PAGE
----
• MaineJen

        Yeah, I work in organ transplantation. We are NOT close to growing organs in the lab. There has been experimental success with implanting stem cells onto a lattice of connective tissue and making them “beat” like a heart, but it’s more like a parlor trick than a practical solution at this point. Even more established procedures like pancreatic islet-cell transplant has had…spotty success.

        The wonderful thing about stem cells (they can grow into anything!!) is the same thing that makes them problematic (they can grow into…anything). We simply don’t understand enough about them yet to make them useful.

    • Azuran

      well……it’s unlikely to ever be a thing. Because we already have a very cheap and easy solution to this short term problem: Formula.

      Laser eyes surgery is a LOT cheaper, safer and easier than what you are proposing. And in the long term, is likely to save money and is a ‘generally’ permanent solution to an everyday lifelong problem. Glasses/contacts, and eye exams etc get very expensive over a life time. I pay 400$ for 1 year supply of contact lenses, and about 900$ a pair of glass, and about 30$ a month on cleaning product. And when I die, I will have spend a stupid amount of my live tending my eyes and contact lenses.

      Comparing it with breasfeeding problems, it is only a very punctual and short lived problem. Doesn’t cause any kind of measurable long term repercussion and can be solved with a very cheap, safe and effective option. The risks and costs of such procedures is way disproportionate to the almost nonexistent benefits.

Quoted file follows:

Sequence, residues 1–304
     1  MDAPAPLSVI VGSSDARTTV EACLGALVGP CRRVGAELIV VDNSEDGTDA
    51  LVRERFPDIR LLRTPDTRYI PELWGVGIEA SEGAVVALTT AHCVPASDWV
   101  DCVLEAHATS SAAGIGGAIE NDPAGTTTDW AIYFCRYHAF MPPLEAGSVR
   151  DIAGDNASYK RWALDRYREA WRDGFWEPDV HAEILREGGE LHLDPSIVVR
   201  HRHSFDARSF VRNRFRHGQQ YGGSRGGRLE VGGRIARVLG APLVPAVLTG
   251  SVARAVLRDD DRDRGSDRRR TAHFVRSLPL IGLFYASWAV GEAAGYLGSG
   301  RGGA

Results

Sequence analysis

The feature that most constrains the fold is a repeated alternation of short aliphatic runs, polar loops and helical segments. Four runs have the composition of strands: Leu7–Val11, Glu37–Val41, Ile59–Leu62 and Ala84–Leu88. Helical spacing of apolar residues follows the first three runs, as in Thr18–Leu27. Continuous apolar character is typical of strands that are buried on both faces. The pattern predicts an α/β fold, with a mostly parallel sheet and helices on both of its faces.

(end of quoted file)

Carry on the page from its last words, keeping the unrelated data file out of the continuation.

• Georgie

    If I was a dairy cow the farmer would not even bother milking me. I made next to no milk.

    When I was having difficulties producing more than 1-2 ounces/day of breastmilk the logic I got from IBCLCs was “Since insufficient milk supply happens only 5% of the time. YOU must not be putting your baby to the breast frequently enough/not latching her properly. What you need to do is breastfeed, top up with formula, then pump every 2-3 hours.”

    So I did this for about 5 months and quit once I couldn’t take it anymore. The amount of formula my baby was taking didn’t increase – which showed me that my milk supply never actually increased with all this effort.

    I didn’t do what the IBCLCs said perfectly (sometimes I would sleep for 5 hours if my baby slept) and sometimes my mental health was so bad and I couldn’t continue to struggle to latch my baby (who didn’t want the breast because nothing was really there) because I felt like my baby was rejecting me. But every day I was stimulating my breasts either directly or with the pump at least 8 times.

    The studies I have seen about “perceived” insufficient milk supply have demonstrated that it happens only 5% of the time. But it happened to me and it wasn’t just perceived: little one lost 10% of her weight by day 4 and her jaundice wasn’t getting any better. I never felt my milk come in either.

    I just wish I knew what went wrong. I had hormonal tests a few months before I became pregnant and everything was normal, so I don’t think it’s PCOS. My breasts don’t look hypoplastic. Nursing was always painful for me and I felt completely stressed out after birth (mainly because BFing wasn’t working).

    • Heidi

      I wonder if there is sometimes not a great reason as to why. I am beginning to think it’s just a genetic thing and since we’ve been using substitutes since practically the beginning, enough of us survived with this inability to make breast milk. I don’t have PCOS nor hypoplastic breasts either and I tried my hardest to make milk with little success.